The answer, of course, was through the strength of his character development. It turned out that "Renegade", the first Spiral Wars book, was just as intense as his Kresnov books but it was also refreshingly different in scale and in focus.

 

So what's good about it?

 

This is a great example of what Space Opera can be when the author has really thought through the worlds, the species and the history involved and yet never resorts to info-dumps but has the confidence and the control to reveal the intricacies of this universe a little at a time, through the experiences of the characters, as needed to make sense of the action. Every good space opera needs lots of action, lots of technology, lots of weapons, lots of culture clashes and complex political intrigue and lots of desperate, how-can-they-possibly-get-out-of-this? moments. Joel Shepherd delivers on all these things with flair and originality and at a pace the made the 400+ pages fly by.

 

The intensity of the book comes mainly from the characters. There are a lot of them but they are presented clearly and without confusion. They're also not static. They come with backstories that are artfully revealed. They have distinct personalities and ethics and goals. They are changed by the decisions they make and the experiences they have. This increases the emotional impact of the book. It makes you care who lives and dies. It goes beyond the "only you can save the galaxy" hero quest into something personal and therefore much more real.

 

Two characters in particular made the book for me. The first is Trace Thakur. She leads the Marines on the Pheonix but she is a legend throughout the Corps. She comes from a warrior cult with strong ethics around service. She is strong, experienced, lethal and much loved by her people. There is more to her than just being a warrior. Her mission is driven by her personal interpretation of honour and justice rather than by her instructions from her superiors. She is the second in command, yet she has far more leadership and combat experience than Erik Debogande, until recently a newly minted Lieutenant Commander who many believed was appointed because of his family connections and who is now acting-Captain. The dynamic between Thakur and Debogande is tense and plausible. Watching Erik struggling to rise to the challenge of being in command of the Pheonix is one of the best things in the book.

 

Of course, I also loved the depressingly plausible politics, the diversity of the races involved and the hints of important things being hidden by the powerful that need to be uncovered by the brave.

 

I'm hooked now. I'm already looking forward to the rest of the series.

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review 2017-08-11 16:24
"The Weed That Strings The Hangman's Bag - Flavia de Luce #2" by Alan Bradley
The Weed That Strings the Hangman's Bag - Alan Bradley

This is the second book about eleven year old Flavia De Luce, who was first introduced in "The Sweetness At The Bottom Of The Pie", where she put her considerable talents to work in solving a murder her father had been accused of.

 

In this installment, Flavia becomes involved with a traveling puppeteer who has a show on the BBC, a shocking murder and ripples from the death of young boy, alone in the woods.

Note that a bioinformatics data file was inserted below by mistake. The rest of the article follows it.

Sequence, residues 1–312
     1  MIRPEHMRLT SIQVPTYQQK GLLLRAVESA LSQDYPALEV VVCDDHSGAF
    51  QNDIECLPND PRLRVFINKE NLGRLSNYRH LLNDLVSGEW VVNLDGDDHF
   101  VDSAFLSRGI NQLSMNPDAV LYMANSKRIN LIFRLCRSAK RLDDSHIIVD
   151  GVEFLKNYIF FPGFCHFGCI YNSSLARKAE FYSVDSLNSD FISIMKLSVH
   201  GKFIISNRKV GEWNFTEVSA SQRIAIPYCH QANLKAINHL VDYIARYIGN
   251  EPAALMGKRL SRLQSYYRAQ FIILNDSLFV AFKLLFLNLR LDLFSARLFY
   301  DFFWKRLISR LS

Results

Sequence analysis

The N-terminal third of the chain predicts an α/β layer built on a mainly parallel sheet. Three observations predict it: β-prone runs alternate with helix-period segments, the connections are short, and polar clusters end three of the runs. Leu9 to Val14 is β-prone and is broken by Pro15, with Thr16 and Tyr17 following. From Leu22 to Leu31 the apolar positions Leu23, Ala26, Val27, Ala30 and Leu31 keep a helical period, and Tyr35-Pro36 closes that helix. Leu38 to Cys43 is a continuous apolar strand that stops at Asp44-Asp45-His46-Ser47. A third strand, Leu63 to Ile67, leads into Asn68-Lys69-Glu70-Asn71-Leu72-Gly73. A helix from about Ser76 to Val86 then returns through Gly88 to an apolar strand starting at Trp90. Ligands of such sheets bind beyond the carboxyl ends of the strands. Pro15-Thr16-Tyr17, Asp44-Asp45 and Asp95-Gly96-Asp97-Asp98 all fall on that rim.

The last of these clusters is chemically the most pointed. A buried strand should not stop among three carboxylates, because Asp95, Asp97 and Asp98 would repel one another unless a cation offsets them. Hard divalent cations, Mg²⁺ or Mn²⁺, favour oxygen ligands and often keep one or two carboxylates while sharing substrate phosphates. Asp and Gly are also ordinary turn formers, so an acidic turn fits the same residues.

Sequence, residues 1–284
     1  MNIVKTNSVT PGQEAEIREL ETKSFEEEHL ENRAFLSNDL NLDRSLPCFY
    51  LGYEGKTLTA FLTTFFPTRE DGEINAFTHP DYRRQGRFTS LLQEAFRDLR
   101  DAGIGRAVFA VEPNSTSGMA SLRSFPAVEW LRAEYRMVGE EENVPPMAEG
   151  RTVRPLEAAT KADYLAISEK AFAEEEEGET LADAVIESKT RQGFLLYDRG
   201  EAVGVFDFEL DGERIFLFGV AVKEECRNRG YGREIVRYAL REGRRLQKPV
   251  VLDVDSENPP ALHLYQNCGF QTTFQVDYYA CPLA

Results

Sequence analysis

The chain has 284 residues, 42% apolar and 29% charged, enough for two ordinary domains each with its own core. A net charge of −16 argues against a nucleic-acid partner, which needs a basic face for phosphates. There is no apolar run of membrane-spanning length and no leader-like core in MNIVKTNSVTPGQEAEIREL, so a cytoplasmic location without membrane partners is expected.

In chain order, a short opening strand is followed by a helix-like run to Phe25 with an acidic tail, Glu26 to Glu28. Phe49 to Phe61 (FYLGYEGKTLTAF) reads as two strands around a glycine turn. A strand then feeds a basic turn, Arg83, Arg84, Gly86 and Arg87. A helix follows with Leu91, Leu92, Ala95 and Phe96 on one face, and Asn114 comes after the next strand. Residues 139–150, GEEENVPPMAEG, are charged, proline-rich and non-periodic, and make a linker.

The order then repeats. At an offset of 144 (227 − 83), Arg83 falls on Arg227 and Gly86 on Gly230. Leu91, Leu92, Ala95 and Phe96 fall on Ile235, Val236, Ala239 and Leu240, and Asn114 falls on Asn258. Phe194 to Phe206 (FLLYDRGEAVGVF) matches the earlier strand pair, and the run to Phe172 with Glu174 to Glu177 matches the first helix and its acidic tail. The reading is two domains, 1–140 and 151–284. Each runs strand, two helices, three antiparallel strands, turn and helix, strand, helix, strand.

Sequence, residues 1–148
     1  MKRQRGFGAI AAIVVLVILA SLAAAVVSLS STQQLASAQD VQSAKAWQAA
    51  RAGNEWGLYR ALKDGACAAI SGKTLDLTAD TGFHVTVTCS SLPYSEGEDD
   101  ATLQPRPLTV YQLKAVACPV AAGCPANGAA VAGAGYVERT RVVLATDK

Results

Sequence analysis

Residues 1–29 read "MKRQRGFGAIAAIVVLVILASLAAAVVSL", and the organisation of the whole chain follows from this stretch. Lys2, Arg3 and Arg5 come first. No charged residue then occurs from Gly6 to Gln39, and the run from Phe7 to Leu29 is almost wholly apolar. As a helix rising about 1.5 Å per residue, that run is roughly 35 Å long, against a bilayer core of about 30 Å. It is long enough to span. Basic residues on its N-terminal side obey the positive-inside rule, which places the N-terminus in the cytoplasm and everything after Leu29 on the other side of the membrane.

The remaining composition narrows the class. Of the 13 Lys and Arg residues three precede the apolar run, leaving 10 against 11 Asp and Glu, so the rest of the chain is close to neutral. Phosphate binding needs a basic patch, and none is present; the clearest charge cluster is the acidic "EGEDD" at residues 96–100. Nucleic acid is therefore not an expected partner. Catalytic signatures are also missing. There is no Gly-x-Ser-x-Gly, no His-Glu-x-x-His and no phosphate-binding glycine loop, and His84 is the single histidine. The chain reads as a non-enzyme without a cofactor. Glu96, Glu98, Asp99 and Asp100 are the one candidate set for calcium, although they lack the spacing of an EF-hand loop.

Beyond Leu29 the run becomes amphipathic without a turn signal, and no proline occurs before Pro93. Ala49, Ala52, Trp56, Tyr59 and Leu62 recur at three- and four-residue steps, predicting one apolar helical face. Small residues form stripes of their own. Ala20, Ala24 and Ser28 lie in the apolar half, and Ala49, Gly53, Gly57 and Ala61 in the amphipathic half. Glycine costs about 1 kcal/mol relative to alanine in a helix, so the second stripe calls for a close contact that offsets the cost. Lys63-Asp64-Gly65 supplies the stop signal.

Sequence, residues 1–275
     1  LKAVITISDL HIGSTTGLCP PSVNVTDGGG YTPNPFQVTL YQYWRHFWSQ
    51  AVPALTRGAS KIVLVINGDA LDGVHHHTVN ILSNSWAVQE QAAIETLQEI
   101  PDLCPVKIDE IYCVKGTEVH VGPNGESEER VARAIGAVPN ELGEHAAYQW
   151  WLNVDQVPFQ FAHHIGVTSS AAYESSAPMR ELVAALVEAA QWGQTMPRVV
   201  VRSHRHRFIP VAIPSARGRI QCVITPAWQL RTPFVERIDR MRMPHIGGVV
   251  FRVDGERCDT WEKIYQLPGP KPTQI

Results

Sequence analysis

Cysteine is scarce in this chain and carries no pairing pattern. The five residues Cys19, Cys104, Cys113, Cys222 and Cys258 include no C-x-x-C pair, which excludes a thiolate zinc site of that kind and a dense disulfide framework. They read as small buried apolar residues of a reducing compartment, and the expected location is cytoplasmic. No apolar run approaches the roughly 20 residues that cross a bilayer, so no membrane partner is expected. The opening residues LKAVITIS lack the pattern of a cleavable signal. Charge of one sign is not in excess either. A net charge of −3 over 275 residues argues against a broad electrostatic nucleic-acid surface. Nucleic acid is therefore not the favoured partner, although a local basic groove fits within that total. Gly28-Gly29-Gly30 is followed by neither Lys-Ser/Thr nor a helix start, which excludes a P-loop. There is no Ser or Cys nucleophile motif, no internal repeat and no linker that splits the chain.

It's a decent mystery in its own right, steeped in the atmosphere of rural England after the Second World War, but what makes it exceptional is Flavia De Luce herself.

She is a wonderfully wrought character: dauntless, clever, manipulative, and eccentric in the great English aristo tradition. She is fascinated by and skilled in making poisons. She knows how to get people to tell things they would never otherwise reveal and she is relentless in her quest to find out who did what and why.

 

All this makes her rather intimidating. Flavia knows this of course. At one point, when she shows too much insight into the affairs of a young woman she is helping, the young woman points it out to her:

“You are terrifying,” Nialla said. “You really are. Do you know that?” We were sitting on a slab tomb in the churchyard as I waited for the sun to dry my feverish face. Nialla put away her lipstick and rummaged in her bag for a comb. “Yes,” I said, matter-of-factly. It was true—and there was no use denying it.'

During the denouement, Flavia reveals a crucial piece of information to the Detective Inspector debriefing her. When he turns to his team, demanding to know why they didn't know this,  the response is:

"With respect, sir." Sergeant Woolmer ventured, "it could be because we're not Miss De Luce

For all her ferocious intellect and startling precocity,  she is still an eleven year old girl. She is observant enough to uncover an affair but innocent enough not to be entirely sure exactly what is involved in such an undertaking.

 

She is also a lonely girl without enough love in her life. Her elder sisters treat her badly. Her father is distant, repressed and as obsessed with stamps as Falvia is with poisons. Her mother is dead and her only connection to her is to sit in the Rolls she owned or to ride the bike she used, which she has rechristened Gladys and sometimes treats as if it were sentient.

 

Flavia is not a girl who is trying to be older. Above all she seems to be trying just to be herself which she does with great self-assurance. When she turns up late (again) and her father describes her as "Utterly unreliable:" she thinks to herself

Of course I was! It was one of the things I loved most about myself. Eleven-year-olds are supposed to be unreliable.

 

Flavia knows that she is willing to overstep the bounds of politeness and perhaps even decency, to get the infomation she wants but she's reconciled to that aspect of herself. She says:

Sometimes I hated myself. But not for long.

This was a delightful read and a pleasing sequel. I will be back for more.

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review 2017-08-05 18:33
Decisions and readings of the Supreme Court